Washington: US President Barack Obama on Sunday mourned the death of Vaclav Havel, former President of the Czech Republic.

“I was deeply saddened to learn of the passing today of Vaclav Havel, a playwright and prisoner of conscience who became president of Czechoslovakia and of the Czech Republic,” a print media quoted Obama as saying in a statement.  Havel, who was also a playwright, essayist and poet, died at the age of 75 following a long illness. He died during sleep in his countryside home in Hradecek, the Czech News Agency said, quoting his secretary.

“His peaceful resistance shook the foundations of an empire, exposed the emptiness of a repressive ideology, and proved that moral leadership is more powerful than any weapon,” said the US President.  He also praised Havel's 'seminal role' in the so-called Velvet Revolution in 1989 that won his people their freedom and “Inspired generations to reach for self-determination and dignity in all parts of the world.”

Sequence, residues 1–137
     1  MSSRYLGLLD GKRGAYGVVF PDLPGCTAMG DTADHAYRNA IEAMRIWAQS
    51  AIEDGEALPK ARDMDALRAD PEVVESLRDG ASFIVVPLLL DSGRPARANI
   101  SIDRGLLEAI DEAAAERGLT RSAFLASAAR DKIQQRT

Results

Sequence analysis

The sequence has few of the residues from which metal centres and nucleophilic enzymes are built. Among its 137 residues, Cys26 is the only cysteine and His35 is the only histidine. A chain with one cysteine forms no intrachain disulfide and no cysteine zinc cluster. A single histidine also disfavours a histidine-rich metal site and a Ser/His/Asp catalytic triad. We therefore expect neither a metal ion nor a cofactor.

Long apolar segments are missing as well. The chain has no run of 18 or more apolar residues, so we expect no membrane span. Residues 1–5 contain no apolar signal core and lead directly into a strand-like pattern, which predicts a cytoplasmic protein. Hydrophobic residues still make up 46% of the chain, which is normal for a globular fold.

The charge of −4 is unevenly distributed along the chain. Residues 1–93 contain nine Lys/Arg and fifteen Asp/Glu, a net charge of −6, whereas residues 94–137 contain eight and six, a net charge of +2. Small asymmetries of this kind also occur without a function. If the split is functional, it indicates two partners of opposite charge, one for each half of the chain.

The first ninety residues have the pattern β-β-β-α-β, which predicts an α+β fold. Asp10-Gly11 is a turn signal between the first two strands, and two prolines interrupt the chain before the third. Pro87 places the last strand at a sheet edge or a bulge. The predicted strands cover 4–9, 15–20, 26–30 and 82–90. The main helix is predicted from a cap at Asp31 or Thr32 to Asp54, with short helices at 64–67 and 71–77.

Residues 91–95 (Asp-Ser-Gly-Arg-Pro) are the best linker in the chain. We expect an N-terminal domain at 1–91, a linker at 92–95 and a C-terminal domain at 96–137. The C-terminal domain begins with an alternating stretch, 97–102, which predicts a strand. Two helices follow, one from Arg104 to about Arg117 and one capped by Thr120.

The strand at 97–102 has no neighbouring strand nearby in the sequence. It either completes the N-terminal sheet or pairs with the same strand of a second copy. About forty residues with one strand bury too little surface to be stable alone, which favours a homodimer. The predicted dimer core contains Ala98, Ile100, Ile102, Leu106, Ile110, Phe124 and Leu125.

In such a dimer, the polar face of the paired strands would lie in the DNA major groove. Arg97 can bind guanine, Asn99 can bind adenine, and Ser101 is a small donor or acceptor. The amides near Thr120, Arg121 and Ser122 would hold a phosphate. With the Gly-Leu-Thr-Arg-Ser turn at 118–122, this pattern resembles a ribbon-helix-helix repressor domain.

“He also embodied the aspirations of half a continent that had been cut off by the Iron Curtain, and helped unleash tides of history that led to a united and democratic Europe,” said Obama.  Havel became president of Czechoslovakia in December 1989 and served as Czech president from 1993 after Czechoslovakia split into the Czech Republic and Slovakia. He led the Czech Republic until 2003.  

Havel became president of then Czechoslovakia in 1989, oversaw its peaceful split into the Czech Republic and Slovakia in 1993 and led the country until 2003.   He wrote over 20 plays and numerous non-fiction works that were translated internationally. He received the US Presidential Medal of Freedom, the Philadelphia Liberty Medal, the Order of Canada, the Ambassador of Conscience Award and several other distinctions.